There needs to be some sort of oversight over the cranks that operate in the margins of naturalism and medicine and science. There should be a requirement that trained medical professionals are present at all times during these dangerous retreat activities. Furthermore, the leaders of these retreats should be bonded and held personally responsible for the activities that take place while participants are under their guidance. These dudes shouldn't be able to hide behind corporate shields and blame-shifting to continue practicing their crap. Plain and simple.

Let me be clear: my heart goes out to the families of the victims of this crime. The Yavapai County Sheriff's office is investigating the deaths as homicides. Hopefully some justice will come from this senseless tragedy.

These are the dangers present from New Age and hardcore naturalism and homeopathy when left unchecked (not to mention Christian Science and other religions that are anti-medicine). Kooks operate in the margins and speak to the uninformed or the unskeptical or the desperate, and sometimes legitimate care is foregone (i.e., Westernized medicine and treatment) in favor of unproven, "woo-woo" cure-alls that have no more effectiveness than sugar pills.

For that Barb woman to say the victims were "having so much fun" during their out-of-body experiences that they didn't want to come back is childish, naive, asinine, and cold. Does she honestly believe the families of the victims will believe that garbage, or at least take any comfort in it?

But true believers will never admit their beliefs are flimsy at best and dangerous at worst. Scientists and medical professionals need to take a stand and encourage oversight over this New Age bunk, before it can claim any more innocent lives in the name of "holistic" total wealth cure-alls and, I'm afraid, buying the cult's ringleader a new summer home and luxury auto.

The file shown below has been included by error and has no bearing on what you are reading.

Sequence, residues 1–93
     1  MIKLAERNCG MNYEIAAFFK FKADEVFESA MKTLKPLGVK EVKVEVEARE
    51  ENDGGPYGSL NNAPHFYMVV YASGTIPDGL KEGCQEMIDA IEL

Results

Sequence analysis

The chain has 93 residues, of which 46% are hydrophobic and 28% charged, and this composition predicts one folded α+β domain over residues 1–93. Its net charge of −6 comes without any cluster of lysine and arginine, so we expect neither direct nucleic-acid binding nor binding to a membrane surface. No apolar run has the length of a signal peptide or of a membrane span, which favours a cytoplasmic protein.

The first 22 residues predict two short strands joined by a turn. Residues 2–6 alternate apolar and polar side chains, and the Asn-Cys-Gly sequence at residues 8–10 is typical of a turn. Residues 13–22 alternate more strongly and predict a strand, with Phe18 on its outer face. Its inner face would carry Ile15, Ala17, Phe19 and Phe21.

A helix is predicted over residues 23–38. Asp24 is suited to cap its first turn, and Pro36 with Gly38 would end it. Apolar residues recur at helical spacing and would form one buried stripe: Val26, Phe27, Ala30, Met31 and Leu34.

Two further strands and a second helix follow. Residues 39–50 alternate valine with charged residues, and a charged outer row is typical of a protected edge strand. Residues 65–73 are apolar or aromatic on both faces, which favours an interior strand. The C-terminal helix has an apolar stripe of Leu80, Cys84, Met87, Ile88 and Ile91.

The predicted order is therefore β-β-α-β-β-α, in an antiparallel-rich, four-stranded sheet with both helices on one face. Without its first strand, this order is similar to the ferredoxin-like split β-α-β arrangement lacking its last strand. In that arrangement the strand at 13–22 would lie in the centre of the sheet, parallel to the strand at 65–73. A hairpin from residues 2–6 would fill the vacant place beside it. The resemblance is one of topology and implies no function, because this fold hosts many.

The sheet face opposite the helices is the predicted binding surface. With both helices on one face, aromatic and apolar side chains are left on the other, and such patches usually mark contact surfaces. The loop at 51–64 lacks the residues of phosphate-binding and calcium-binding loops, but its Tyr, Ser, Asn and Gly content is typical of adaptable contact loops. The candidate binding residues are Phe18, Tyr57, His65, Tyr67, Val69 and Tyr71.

Tuesday, October 20, 2009

2 CIT 2 Fail

A couple weeks ago, CIT Group Inc. found itself on the brink of collapse, pleading that the company was too big to fail.
Timothy Geitner in MC Hammer pants
Timothy Geitner in MC Hammer pants
In other words, CIT, like MC Hammer, the Goldman Sachs Group Inc., American International Group Inc. (AIG), and Lehman Brothers Holdings Inc., is too legit to quit.

If Joseph McCarthy was alive and powerful today, I suspect he would be enraged at everyone who has or has had anything to do with financial bailouts. NeoMcCarthies should be wrongfully imprisoning market intervention sympathizers. Instead, the neoMcCarthies are attacking health care reform supporters. Why???

Bailouts of economic powerhouses are exactly the kinds of assaults on free market capitalism that the late Senator McCarthy fought so unethically against! Propping up a financial cartel does serious harm to all banks, businesses, and individuals who are not owners or employees of some part of this this cartel. Furthermore, these bailouts only prolong the inevitable failure of these too-big-to-fail anti-anti-trusts.

Instead of dealing with this real assault on American capitalism, the neoMcCarthies for some reason are choosing to make boobs of themselves using their effective political tactics against popular, beneficial, and characteristically American (and capitalist) health care reform. Financial reform should be incomparably more controversial than health care reform, but for some reason the neoMcCarthies seem to be content spending time and resources making themselves look bad without benefiting many people, including themselves.

Joe McCarthy was hereIf John McCain had voted against the bailout last fall, he might have won the presidential election. If Barack Obama had voted against the bailout, he might have won the presidential election by a greater margin. Although opinion polls at the time showed popular support for the bailout, the situation was abnormally complex. People were afraid of the state of the economy and of the future. Racists, sexists, age-discriminators, and others were afraid of White House candidates. The presidential election was temporally near enough that people had selected a favorite candidate and were echoing that candidates views to make their choice look cooler and more popular. Obama and McCain both supported the bailout, so major-party supporters from both parties were voicing their support for the bailout. I suspect that most of the public support for the 2008 financial system bailout (and most other recent economic bailouts) came from fear and acquiescence response bias.